Former York police chief sentenced in shooting

Published 10:24 pm Tuesday, January 12, 2010

Former York police chief David Rowry was sentenced to 15 years in prison Tuesday for manslaughter in the Sept. 17, 2008, killing of 52-year-old Joe Louis Bell of York during an altercation in the Church’s Chicken restaurant in York. A request for probation was denied.

Rowry was the town’s police chief at the time of the shooting, but left the police department shortly after.

Rowry was indicted for manslaughter on Dec. 17, 2008, and he turned himself in to authorities the next day. He was convicted of manslaughter on Dec. 3, 2009.

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A news report indicated that Rowry went into the restaurant to charge Bell with stalking. He reportedly told the jury that his weapon was holstered when he entered the restaurant, and that he fired after Bell tried to take his weapon. That testimony conflicted with information he provided investigators after the shooting.

It is believed that the incident began over a mayoral election dispute in August 2008. Former mayor Carolyn Gosa was in the process of revoking a business license that Bell owned in York. Bell, a supporter of eventual campaign winner Glenda DuBose, went to the Sumter County Record Journal one week before the election to have a letter to the editor published opposing Gosa.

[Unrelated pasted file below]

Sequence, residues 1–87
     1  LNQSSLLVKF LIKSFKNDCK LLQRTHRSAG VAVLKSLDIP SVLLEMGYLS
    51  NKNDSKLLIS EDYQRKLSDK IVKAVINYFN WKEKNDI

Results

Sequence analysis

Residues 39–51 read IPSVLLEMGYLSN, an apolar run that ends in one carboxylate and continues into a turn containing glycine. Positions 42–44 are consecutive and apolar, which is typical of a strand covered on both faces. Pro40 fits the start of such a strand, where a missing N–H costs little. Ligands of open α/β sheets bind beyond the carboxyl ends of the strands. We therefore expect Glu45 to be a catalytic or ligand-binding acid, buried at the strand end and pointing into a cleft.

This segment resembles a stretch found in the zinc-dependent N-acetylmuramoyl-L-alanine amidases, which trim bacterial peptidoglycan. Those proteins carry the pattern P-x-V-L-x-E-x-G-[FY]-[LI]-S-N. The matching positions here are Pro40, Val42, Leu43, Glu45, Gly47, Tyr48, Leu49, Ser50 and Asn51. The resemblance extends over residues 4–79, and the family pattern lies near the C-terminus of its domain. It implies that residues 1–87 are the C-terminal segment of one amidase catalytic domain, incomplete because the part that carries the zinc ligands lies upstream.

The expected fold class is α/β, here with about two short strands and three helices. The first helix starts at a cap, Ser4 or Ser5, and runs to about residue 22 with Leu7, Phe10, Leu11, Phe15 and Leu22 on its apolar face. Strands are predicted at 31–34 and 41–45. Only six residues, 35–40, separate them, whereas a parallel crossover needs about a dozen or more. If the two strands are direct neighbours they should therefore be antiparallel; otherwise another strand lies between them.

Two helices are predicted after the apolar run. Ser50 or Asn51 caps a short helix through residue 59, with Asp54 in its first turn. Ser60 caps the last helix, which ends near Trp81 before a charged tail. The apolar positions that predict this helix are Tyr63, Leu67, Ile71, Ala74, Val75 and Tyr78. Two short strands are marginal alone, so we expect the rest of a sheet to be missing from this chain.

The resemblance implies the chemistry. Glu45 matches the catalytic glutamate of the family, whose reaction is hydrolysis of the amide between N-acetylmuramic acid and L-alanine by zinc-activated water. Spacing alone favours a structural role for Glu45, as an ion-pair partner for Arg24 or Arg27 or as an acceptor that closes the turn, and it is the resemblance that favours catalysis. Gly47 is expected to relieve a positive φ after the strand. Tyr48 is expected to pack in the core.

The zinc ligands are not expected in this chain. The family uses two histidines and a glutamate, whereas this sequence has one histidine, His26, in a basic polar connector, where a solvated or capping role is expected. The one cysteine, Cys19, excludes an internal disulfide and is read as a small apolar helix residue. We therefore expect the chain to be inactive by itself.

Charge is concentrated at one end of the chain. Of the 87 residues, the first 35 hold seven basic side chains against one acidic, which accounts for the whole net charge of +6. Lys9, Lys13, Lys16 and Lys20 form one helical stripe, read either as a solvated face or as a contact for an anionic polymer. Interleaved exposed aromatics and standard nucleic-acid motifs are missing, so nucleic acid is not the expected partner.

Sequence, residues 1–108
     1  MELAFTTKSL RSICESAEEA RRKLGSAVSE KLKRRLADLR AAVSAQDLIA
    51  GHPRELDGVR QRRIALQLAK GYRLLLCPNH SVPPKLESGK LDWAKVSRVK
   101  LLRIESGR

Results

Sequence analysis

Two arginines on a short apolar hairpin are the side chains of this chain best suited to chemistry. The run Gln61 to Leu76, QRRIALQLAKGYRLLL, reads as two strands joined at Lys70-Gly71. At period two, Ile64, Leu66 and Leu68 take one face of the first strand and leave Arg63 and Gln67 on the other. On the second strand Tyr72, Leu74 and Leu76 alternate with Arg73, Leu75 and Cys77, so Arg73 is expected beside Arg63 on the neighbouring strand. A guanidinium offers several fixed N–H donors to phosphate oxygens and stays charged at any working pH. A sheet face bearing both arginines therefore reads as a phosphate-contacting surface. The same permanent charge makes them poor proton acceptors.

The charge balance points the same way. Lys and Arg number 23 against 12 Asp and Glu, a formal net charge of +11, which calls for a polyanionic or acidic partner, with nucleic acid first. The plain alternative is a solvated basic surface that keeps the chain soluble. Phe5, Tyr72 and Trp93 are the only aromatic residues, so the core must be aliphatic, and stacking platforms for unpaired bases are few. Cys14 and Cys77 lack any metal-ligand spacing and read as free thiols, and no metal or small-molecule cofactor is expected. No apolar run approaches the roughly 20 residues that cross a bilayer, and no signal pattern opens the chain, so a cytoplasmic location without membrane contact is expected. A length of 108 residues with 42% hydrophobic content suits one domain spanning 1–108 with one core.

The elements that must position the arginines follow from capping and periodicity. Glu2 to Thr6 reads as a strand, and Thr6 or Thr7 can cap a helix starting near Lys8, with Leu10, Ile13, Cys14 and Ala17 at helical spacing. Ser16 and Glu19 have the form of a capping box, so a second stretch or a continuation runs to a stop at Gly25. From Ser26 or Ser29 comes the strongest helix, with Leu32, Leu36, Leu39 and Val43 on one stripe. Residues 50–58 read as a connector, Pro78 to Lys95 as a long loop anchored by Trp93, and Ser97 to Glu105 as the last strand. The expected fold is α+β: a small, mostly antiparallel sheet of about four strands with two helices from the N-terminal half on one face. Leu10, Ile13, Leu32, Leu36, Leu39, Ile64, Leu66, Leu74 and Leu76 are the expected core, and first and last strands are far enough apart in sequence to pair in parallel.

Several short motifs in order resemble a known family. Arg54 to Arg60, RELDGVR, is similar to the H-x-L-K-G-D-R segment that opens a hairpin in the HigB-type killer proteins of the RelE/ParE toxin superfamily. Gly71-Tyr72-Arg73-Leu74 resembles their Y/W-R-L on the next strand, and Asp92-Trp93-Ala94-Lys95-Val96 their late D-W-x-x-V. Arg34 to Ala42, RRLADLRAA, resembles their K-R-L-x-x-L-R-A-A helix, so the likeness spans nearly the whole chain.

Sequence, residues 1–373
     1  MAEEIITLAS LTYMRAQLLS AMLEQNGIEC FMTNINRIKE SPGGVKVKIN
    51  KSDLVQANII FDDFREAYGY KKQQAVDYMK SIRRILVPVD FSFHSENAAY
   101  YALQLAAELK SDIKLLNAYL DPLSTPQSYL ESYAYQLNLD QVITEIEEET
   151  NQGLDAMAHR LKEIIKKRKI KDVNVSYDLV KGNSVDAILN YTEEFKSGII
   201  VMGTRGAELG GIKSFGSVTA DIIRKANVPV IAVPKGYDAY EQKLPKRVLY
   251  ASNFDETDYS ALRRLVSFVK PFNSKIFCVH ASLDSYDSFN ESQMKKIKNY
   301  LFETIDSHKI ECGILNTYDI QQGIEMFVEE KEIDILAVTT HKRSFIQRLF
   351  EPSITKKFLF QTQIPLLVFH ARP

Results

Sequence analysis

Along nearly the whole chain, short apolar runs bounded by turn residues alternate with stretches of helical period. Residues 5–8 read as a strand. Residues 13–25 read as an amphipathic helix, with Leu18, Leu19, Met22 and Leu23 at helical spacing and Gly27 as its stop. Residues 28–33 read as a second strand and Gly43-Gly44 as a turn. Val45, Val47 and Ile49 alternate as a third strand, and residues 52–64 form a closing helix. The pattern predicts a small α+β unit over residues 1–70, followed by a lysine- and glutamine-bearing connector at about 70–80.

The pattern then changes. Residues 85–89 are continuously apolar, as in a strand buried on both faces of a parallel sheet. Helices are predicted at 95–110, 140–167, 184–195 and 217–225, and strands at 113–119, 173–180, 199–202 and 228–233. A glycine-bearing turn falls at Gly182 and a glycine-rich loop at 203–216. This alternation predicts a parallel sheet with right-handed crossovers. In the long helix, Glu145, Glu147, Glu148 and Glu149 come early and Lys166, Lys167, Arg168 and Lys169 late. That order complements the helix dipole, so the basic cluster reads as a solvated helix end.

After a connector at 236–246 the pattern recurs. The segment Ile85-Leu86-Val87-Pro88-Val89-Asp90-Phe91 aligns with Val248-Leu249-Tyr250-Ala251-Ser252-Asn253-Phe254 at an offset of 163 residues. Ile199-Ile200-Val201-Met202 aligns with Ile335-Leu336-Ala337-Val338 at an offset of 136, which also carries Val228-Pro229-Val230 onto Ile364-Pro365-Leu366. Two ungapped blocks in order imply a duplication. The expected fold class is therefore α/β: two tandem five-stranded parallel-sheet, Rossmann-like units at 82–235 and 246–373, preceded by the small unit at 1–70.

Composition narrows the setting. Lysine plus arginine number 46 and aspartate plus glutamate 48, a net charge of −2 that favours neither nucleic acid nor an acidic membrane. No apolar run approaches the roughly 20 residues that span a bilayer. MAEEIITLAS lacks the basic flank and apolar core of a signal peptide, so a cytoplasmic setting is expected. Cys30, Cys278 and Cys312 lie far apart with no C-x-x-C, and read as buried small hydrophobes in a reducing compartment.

Record Journal editor Tommy McGraw told Bell that the letter came in after the deadline, and that it couldn’t be published for another week, which was past the election day. Bell became angry, accusing McGraw of being unfair. After Bell cursed loudly and made disparaging remarks, McGraw told him that the newspaper was closing and that Bell needed to leave. Bell told him that neither McGraw nor the police would throw him out.

A newspaper employee had called the police, and when Bell heard the call on the newspaper’s police scanner, he left the building. McGraw later signed warrants against Bell for trespassing, disorderly conduct and harassment, and they were served on Aug. 25. He was released on a cash bond.

On Sept. 11 of that year, McGraw stopped at a convenience store after a Chamber of Commerce meeting and saw Bell inside the store. Bell again became loud, cursing at McGraw. A sheriff’s deputy inside the store told Bell to calm down.

After the deputy left, Bell reportedly said to McGraw, ‘The next time they come to arrest me, I’m going to blow their (expletive) brains out, and the next time you do that to me, Im going to blow your (expletive) brains out.”

McGraw warned local police about the threats, and Rowry asked McGraw to sign another warrant against Bell, but McGraw said that he couldn’t until later that week. McGraw had not signed the warrant that Rowry was acting on at the time of the shooting.